After completing undergraduate coursework at the Bengal Engineering College, University of Calcutta, Fazlur R. Khan received his bachelor’s degree from the University of Dacca in 1951 while placing first in his class. A Fulbright Scholarship and a Pakistani Government Scholarship subsequently enabled him to travel to the United States in 1952 where he pursued advanced studies at the University of Illinois, Urbana. In three short years Khan earned two masters’ degrees — one in structural engineering and one in theoretical and applied mechanics — and a PhD in structural engineering.
In 1973 he was honored with the top accolade for an engineer in the United States, election to the National Academy of Engineering.
He was cited five times among "Men Who Served the Best Interests of the Construction Industry" by Engineering News-Record (for 1965, 1968, 1970, 1971, and 1979); and in 1972 he was named "Construction's Man of the Year." He was posthumously honored with the International Award of Merit in Structural Engineering from the International Association for Bridge and Structural Engineering and a Distinguished Service Award from the AIA Chicago Chapter (both in 1982). In 1983 the American Institute of Architects recognized Fazlur Khan's contributions with an AIA Institute Honor for Distinguished Achievement.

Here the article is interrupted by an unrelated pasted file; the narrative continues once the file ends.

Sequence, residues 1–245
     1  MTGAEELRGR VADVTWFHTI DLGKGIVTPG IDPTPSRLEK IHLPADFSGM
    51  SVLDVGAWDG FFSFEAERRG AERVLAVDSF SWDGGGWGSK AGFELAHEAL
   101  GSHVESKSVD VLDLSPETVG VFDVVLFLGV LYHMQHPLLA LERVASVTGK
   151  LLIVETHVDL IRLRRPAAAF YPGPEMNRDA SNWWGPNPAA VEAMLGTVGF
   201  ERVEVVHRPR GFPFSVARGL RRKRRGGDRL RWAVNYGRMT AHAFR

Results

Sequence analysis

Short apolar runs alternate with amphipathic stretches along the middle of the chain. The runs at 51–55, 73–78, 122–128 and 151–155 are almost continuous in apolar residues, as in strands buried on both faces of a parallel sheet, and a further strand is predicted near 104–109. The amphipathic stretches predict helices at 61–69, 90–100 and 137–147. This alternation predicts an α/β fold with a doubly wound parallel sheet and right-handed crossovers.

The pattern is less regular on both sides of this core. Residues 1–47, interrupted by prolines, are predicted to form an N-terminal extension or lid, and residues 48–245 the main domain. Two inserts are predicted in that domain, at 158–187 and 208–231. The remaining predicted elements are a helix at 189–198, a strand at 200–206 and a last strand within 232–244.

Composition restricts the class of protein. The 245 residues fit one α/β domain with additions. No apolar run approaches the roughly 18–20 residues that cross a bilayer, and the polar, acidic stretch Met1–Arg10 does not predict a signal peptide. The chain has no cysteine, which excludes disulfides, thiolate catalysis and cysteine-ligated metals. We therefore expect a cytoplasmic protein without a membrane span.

That same year he was honored with the Aga Khan Award for Architecture "for the Structure of the Hajj Terminal, An Outstanding Contribution to Architecture for Muslims," which was completed over the last years of his life.
The Structural Engineers Association of Illinois recognized his achievements with the John Parmer Award in 1987. The SEAOI also commissioned a sculpture in Fazlur Khan’s honor by the Spanish artist Carlos Marinas. The sculpture is located in the lobby of the Sears Tower.In 1998 the city of Chicago named the intersection of Jackson and Franklin Streets (located at the foot of the Sears Tower) "Fazlur R. Khan Way."
Dr. Fazlur Khan realized that the rigid steel frame structure that had "dominated tall building design and construction so long was not the only system fitting for tall buildings", marking "the beginning of a new era of skyscraper revolution in terms of multiple structural systems. Dr. F R Khan's design innovations significantly improved the construction of high-rise buildings, enabling them to withstand enormous forces generated on these super structures. These new designs opened an economic door for contractors, engineers, architects, and investors, providing vast amounts of real estate space on minimal plots of land.